EcoTec3 Fuel Injector Failure Symptoms
- Cylinder misfires (most common sign)
- Rough idling, poor acceleration, loss of power
- Check engine light with engine misfire codes
- Air-to-fuel ratios are either running rich or lean
The easiest way to tell that you have an injector problem is through the check engine light and engine codes for misfires. You will get cylinder-specific misfire codes which will point you in the direction of the bad injector. It’s worth noting that bad spark plugs and ignition coils can also cause engine misfires, so you might want to check these things prior to replacing an injector as injectors tend to be more expensive and difficult to replace.
3. 4WD Transfer Case Sensor Failure
Transfer case issues on the 4×4 Chevy’s and GMC’s go back to the 1990’s. Unfortunately, transfer case sensor failure has been reportedly somewhat commonly on all cars with the EcoTec3 engine. While this sensor isn’t necessarily engine related, it’s common enough in 2014-present models that it’s worth mentioning.
The transfer case is responsible for transferring powering from the engine to the front and rear wheels, through the driveshaft. On vehicles where you have 4×4 and rear-wheel drive options, there is a transfer case sensor that is responsible for controlling whether the truck is in 2-wheel or 4-wheel drive mode. When the sensor fails, the truck can get stuck in or out of 4×4 mode. Additionally, it is common for the truck to shift itself in and out of 4×4 without your control. This can lead to difficulty shifting gears, and noises from the transmission of the truck.
Symptoms of 4WD Transfer Case Sensor Failure
- Truck is stuck in 4×4, or won’t go into 4×4
- 4WD Service light appears on dash
- Noisy shifting gears, or difficult to shift gears
- 4WD light flashes on and off intermittently
Fortunately, the repair here is as simple as replacing the transfer case sensor which is a rather inexpensive job. We recommend fixing this issue when it arises as continuing to drive can cause drivetrain issues if your car is frequently trying to switch in and out of 4WD while it’s moving.
4. EcoTec3 Fuel Pump Failure
Engines that use direct injection, such as the EcoTec3, actually have two fuel pumps. A low-pressure fuel pump and a high-pressure fuel pump, or LPFP and HPFP. High-pressure fuel pumps are common failure points on virtually all direct injection engines. The HPFP is responsible for delivering the highly pressurized fuel to the fuel injectors.
These high-pressure pumps are also extremely stressed due to the heat and pressure they operate under. Over time it is common for the internal components to wear out and cause the pump to fail. Likelihood of HPFP failure is increased on trucks that are tuned, driven aggressively, or have performance modifications. The more horsepower your truck makes, the more fuel it needs to feed the engine. Therefore, the harder the HPFP has to work to deliver that fuel.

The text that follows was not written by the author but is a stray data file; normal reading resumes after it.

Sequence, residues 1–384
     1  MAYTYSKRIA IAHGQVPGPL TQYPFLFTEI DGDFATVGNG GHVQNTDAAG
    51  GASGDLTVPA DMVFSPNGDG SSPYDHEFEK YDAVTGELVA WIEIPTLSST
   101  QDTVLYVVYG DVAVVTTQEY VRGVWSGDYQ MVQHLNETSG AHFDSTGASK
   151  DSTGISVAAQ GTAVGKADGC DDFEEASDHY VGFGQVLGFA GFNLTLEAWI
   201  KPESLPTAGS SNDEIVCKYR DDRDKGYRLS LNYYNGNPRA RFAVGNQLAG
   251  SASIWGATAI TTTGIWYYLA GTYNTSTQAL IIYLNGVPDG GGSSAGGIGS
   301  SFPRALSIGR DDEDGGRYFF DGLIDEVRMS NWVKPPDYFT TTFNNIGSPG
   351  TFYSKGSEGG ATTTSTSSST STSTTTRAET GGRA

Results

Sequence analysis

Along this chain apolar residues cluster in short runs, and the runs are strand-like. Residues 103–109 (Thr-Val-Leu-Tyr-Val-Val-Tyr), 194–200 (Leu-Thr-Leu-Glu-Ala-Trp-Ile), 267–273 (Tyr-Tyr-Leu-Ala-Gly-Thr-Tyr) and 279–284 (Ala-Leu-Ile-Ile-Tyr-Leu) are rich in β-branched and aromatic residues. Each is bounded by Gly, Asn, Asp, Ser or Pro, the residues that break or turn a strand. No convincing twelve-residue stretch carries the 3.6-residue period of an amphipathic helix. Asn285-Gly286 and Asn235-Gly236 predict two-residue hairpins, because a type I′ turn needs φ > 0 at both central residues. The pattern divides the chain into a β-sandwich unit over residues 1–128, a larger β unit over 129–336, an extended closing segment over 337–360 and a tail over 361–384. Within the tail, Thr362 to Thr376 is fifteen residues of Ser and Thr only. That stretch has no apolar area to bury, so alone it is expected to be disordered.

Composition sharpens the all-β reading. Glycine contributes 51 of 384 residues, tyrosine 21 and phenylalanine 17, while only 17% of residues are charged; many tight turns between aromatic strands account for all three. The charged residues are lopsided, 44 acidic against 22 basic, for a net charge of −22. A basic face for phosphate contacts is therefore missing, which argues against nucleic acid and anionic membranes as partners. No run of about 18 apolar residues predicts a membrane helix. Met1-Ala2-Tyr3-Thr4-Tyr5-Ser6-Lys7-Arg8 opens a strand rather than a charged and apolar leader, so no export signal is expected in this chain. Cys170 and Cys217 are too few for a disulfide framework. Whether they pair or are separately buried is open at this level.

Fuel Pump Failure Symptoms – EcoTec3
- Long crank times
- Engine won’t start
- Engine malfunction light appears or service engine light
- Reduced power and performance
5. EcoTec3 and Active Fuel Management Problems
One of the biggest issue with the 5.3L vortec, and really all vortec engines for that matter, was excessive oil consumption caused by the active fuel management system. The AFM system issues are one of the big reasons that GM transitioned to the new EcoTec3 engine family. AFM, also known as cylinder deactivation is where the engine shuts off 50% of the cylinders under certain driving conditions in order to improve fuel efficiency.
On the 5.3L V8, 4 of the cylinders are shut off, essentially making your truck a V4. I’ll stay away from the backstory of why the AFM is problematic, as there are dozens of theories and GM itself has never really been able to 100% pinpoint the issue. However, the AFM system is known to cause excessive oil consumption issues. In addition to excessive oil consumption, the AFM can also cause the lifters to fail on the EcoTec3 engines, which is a rather expensive fix. AFM is good for maybe 10-15% improved fuel economy, but really isn’t worth it for all the potential problems it can create.
Is AFM still an issue?
While everyone hoped the EcoTec3 engine would fix the AFM issues, they still appear to be common. However, I would note that they appear to be somewhat less common that they were on the previous Gen III and IV vortec engines. Although this might be due to the fact that these engines are newer and less people are reporting problems as their cars likely still have factory warranty. The short answer is yes, the EcoTec3 engines still have AFM issues.
Guide to disabling AFM: https://chevytrucks.org/delete-or-disable-active-fuel-management/